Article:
A Few Results in Random Matrix Theory and Random Optimization

Student thesis: Doctoral ThesisDoctor of Philosophy


The thesis addresses two separate topics related by the common use of random matrices and consists of three main chapters. In the first chapter, we study the minimization problem of the least square type in random setting on an N−sphere. We start with considering the simplest instance of the cost function H(x) = ½||Ax − b||2 with A (with N columns and M rows) and b (of size M) being normally distributed matrix and vector, respectively. To get insights into the corresponding cost function landscape we enumerate its stationary points using the Lagrange multiplier approach. This is done by employing the Kac-Rice method for counting stationary points of H(x). Depending on the variance of b as compared to the variance of A the total number of those points ranges from 2 to 2N. We provide the explicit formula for the expected values for the number of points in the full range of parameters and perform the asymptotic analysis for N >> 1 at fixed M/N > 1. The minimal cost solution is related to the minimal possible Lagrange multiplier and we characterize the latter, including its large-deviation function. On this basis we provide the expected value of the minimal loss/cost. To characterize the large deviations of the latter we introduce an alternative approach based on the ideas of statistical mechanics. By defining the partition function Z =∫dx e−βHV (x), with β > 0 standing for the inverse temperature, we take advantage of the power albeit heuristic replica trick to recover the large-deviation function for the minimal cost.

The statistical mechanics approach is then used in the next chapter to investigate a more general optimisation problem replacing the ||Ax − b|| in the cost function with the sum of squares of mean zero gaussian-distributed fields Vk(x), k = 1, . . . , M over the N-sphere, with covariance invariant with respect to any rotation of the sphere. We concentrate on the case when Vk(x) are quadratic in x and try to find the associated minimal cost. This can be looked at as finding the best approximation to solving the system of M random quadratic equations Vk(x) = 0, where k = 1, . . . , M in N variables for large M, N with the fixed ratio α = M/N. In particular, we aim at finding the minimal α such that the cost is non-zero, signalling of incompatibility of the equations. We can find such α in the range characterized via the stability of the replica symmetric solution. We also determine the condition of its applicability by attempting to analyze a solution with broken replica symmetry within the Parisi scheme borrowed from the theory of spin glasses.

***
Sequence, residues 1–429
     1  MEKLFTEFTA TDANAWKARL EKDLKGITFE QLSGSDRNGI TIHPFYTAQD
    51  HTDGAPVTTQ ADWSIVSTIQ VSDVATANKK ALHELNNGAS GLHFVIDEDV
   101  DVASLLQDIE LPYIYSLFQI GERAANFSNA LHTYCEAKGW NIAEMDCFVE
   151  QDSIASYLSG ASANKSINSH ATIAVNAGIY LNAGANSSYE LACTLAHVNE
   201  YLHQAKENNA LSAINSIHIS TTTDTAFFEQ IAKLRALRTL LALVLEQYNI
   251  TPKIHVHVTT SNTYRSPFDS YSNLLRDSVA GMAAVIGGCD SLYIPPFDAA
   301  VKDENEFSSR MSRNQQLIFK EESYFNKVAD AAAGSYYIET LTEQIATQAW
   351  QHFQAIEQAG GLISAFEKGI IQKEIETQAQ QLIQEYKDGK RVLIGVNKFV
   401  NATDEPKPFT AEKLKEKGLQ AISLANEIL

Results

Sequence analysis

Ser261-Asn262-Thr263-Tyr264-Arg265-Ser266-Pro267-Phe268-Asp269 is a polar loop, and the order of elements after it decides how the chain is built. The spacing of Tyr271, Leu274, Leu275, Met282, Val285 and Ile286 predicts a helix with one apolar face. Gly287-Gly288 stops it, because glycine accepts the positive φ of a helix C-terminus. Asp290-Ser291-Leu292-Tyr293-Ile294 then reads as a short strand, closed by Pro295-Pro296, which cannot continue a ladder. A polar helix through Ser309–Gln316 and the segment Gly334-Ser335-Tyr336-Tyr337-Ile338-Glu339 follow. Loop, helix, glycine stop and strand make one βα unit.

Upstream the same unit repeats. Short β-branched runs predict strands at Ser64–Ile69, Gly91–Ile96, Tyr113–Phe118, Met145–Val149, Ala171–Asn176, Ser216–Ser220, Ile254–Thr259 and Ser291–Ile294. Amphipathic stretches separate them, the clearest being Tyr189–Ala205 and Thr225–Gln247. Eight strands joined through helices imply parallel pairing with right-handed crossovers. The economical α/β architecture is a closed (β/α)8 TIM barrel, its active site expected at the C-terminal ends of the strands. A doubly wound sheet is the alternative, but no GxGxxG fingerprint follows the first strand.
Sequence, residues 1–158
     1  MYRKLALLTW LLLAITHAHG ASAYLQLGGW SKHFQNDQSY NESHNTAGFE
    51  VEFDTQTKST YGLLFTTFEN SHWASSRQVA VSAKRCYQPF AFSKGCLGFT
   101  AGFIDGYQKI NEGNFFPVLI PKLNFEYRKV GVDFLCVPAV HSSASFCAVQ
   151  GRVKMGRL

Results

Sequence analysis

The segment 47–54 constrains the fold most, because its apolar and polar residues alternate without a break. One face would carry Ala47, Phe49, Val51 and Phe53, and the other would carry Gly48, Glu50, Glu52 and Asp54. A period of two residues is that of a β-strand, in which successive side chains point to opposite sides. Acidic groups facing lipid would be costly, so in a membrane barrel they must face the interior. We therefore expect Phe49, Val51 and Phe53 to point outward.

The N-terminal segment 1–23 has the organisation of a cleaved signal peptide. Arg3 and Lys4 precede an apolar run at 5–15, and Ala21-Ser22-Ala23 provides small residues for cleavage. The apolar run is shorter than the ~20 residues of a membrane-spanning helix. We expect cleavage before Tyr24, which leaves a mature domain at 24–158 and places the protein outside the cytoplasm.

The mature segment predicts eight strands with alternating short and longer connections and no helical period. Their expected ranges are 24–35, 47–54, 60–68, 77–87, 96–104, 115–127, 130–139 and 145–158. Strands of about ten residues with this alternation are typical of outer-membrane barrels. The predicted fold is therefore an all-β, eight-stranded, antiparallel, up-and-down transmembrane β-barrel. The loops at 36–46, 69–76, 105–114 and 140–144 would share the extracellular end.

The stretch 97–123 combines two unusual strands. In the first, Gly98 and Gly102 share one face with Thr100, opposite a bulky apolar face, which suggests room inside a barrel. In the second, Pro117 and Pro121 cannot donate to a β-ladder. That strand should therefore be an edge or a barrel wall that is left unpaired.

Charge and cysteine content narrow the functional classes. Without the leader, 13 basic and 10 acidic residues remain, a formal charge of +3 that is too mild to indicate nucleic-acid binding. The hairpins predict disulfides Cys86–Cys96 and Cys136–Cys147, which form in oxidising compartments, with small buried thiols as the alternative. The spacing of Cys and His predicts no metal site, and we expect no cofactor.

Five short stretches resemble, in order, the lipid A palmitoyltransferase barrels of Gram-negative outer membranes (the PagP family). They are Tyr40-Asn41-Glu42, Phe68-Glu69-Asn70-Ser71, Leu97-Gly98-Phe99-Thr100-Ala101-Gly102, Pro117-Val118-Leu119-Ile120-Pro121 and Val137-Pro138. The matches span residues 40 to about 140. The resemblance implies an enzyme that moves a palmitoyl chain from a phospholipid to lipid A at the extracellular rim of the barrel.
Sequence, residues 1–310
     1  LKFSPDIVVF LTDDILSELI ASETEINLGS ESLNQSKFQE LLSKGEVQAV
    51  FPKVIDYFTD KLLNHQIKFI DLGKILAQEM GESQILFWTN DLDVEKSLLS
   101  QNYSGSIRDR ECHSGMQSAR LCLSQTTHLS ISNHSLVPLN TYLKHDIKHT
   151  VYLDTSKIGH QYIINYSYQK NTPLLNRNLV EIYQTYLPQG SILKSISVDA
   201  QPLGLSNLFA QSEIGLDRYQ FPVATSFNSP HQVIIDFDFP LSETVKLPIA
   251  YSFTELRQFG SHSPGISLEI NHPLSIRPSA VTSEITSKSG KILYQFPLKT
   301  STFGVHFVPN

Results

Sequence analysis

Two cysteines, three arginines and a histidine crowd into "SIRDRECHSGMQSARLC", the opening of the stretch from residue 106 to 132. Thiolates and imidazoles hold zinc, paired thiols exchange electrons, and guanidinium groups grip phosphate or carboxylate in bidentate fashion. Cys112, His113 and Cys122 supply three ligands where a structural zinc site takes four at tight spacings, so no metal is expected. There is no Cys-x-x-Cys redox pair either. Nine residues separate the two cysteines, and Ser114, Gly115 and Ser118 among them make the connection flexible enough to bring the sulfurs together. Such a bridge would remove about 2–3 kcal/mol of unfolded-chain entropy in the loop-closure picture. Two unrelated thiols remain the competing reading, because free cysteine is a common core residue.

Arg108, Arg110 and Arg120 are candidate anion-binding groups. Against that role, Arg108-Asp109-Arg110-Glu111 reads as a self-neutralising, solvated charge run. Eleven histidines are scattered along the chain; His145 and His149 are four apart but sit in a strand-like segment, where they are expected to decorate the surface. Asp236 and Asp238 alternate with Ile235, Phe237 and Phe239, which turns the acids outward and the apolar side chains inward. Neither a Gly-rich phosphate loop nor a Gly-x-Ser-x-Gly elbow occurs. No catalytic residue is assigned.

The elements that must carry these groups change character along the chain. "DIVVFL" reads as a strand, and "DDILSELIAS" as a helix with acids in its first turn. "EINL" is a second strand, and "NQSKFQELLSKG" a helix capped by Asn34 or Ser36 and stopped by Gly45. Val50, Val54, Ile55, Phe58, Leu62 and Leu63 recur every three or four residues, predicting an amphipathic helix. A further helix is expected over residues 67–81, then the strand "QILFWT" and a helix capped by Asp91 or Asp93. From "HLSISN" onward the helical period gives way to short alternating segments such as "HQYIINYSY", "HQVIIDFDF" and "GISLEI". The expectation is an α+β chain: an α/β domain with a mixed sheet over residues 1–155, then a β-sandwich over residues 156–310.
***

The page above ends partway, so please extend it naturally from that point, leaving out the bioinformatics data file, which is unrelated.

In the last part of the thesis we study the rank one non-Hermitian deformations of the tridiagonal matrices from β-Hermite ensembles. We are able to shed light on the problem when the perturbation away from Hermiticity is small and can be treated by the perturbation theory to the first nontrivial order. We consider the eigenvalue curvatures which serve as a characterization of the lowest order shift in real parts of the eigenvalues (caused by the said perturbation in the limit N >> 1). Similarly, we examine the eigenvector condition number – these measure the deviations of the associated eigenvectors from orthogonality. We show that the probability densities of those curvatures and condition numbers can be expressed in terms of certain cor-relation functions involving ratios of powers of the characteristics polynomials for β-Hermite ensembles. The latter are well-known for classical β = 1 and 2 and we attempt to conjecture their functional form for any β > 0. The ensuing distributions of curvatures and condition numbers are in a reasonably good agreement with direct numerical simulations.
Date of Award1 Sept 2022
Original languageEnglish
Awarding Institution
  • King's College London
SupervisorYan Fyodorov (Supervisor)

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